Spain to accept five Guantanamo detainees

Of the 192 detainees at Guantanamo Bay, Cuba, 110 have been cleared for resettlement or repatriation.
Of the 192 detainees at Guantanamo Bay, Cuba, 110 have been cleared for resettlement or repatriation. (Brennan Linsley/associated Press)

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By Peter Finn
Washington Post Staff Writer
Tuesday, February 16, 2010

Spain announced Monday it will accept five detainees held at Guantanamo Bay, Cuba, the largest commitment by a European country and a boost for the Obama administration's dragging effort to close the military detention center.

Foreign Minister Miguel Ángel Moratinos told reporters in Madrid that the detainees will not pose a security threat and that any transfers to Spain "will be done with all the legal guarantees so as to defend the security situation that our country requires."

Spain previously agreed to accept two detainees, a Yemeni and a Palestinian. They have been cleared for release by an inter-agency panel that reviewed the cases of each detainee held at Guantanamo Bay.

Spanish officials told reporters that they still expect to accept the Yemeni and the Palestinian, and that they are examining the files of other prisoners cleared for release and will take three more.

The Obama administration has resettled 24 detainees, including 15 to Europe, two of whom are awaiting trial in Italy. Nine European countries have taken in detainees in the past year.

The administration has also repatriated 24 detainees to Yemen, Afghanistan, Saudi Arabia, Kuwait and elsewhere.

It has transferred one detainee to federal court in New York for trial on terrorism charges relating to the 1998 embassy bombings in East Africa.

The administration has also received commitments from other European countries, including Latvia and Bulgaria, to take detainees. Other announcements might be forthcoming, an administration official said recently.

There are 192 detainees being held at Guantanamo Bay. Approximately 110 have been cleared for resettlement in a third country or for repatriation.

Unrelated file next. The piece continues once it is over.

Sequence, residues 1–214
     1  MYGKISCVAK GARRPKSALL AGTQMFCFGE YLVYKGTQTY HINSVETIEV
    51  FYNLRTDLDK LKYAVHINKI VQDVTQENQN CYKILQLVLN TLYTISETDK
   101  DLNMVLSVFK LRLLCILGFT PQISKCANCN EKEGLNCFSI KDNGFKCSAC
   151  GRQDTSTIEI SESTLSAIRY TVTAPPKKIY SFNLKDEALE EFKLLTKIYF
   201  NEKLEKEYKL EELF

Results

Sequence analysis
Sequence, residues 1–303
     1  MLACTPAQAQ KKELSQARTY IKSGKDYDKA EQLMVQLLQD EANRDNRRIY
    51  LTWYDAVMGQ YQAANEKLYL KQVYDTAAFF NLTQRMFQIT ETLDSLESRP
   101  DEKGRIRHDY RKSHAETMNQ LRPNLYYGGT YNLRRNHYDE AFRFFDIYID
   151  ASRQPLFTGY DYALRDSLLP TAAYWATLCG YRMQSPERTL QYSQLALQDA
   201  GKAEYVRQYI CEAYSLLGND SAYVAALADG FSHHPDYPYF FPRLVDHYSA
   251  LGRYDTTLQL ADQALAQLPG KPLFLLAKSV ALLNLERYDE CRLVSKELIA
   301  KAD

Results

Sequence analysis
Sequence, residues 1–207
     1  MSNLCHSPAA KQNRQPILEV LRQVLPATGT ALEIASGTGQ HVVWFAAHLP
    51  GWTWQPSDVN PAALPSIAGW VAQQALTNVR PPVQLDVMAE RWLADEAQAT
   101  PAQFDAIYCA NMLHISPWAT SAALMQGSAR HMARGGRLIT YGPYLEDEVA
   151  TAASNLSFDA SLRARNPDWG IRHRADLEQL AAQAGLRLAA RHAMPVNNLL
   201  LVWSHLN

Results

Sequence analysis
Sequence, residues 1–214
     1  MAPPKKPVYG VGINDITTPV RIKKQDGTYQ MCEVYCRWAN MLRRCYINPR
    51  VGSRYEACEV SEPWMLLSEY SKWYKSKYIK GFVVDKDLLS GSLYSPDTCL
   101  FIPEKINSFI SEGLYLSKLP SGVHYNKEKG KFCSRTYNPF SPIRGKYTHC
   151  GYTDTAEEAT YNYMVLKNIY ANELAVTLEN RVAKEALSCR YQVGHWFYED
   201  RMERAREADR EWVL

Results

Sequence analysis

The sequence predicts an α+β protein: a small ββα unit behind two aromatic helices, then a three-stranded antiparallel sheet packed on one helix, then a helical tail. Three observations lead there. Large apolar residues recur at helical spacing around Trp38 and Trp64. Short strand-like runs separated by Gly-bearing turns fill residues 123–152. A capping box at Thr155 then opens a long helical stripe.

The Obama administration did not close the military detention center within a self-imposed one-year deadline. It faced congressional and other political opposition to moving detainees into the United States for prosecution or to be held in indefinite detention.

The administration has also suspended the repatriation of Yemeni detainees because of instability in their home country, where the government is battling a branch of al-Qaeda. There are about 90 Yemeni detainees at Guantanamo Bay; about two-thirds of them have been cleared for transfer, but only if conditions in Yemen improve.

Obama last year named veteran diplomat Daniel Fried as a special envoy to work with other nations to accept Guantanamo Bay detainees. His efforts have had some success -- he had met recently with Spanish officials -- despite fears that other countries will not accept detainees for resettlement if the United States is unwilling to do the same.

U.S. officials said some countries are nonetheless eager to be seen to help Obama, and many share his commitment to close the facility at Guantanamo Bay.

In the case of Spain, the government of Prime Minister José Luis Rodríguez Zapatero wants to restore good relations with the United States. Ties had frayed after Zapatero withdrew Spanish troops from Iraq in 2004, a decision that infuriated the Bush administration.

Staff researcher Julie Tate contributed to this report.


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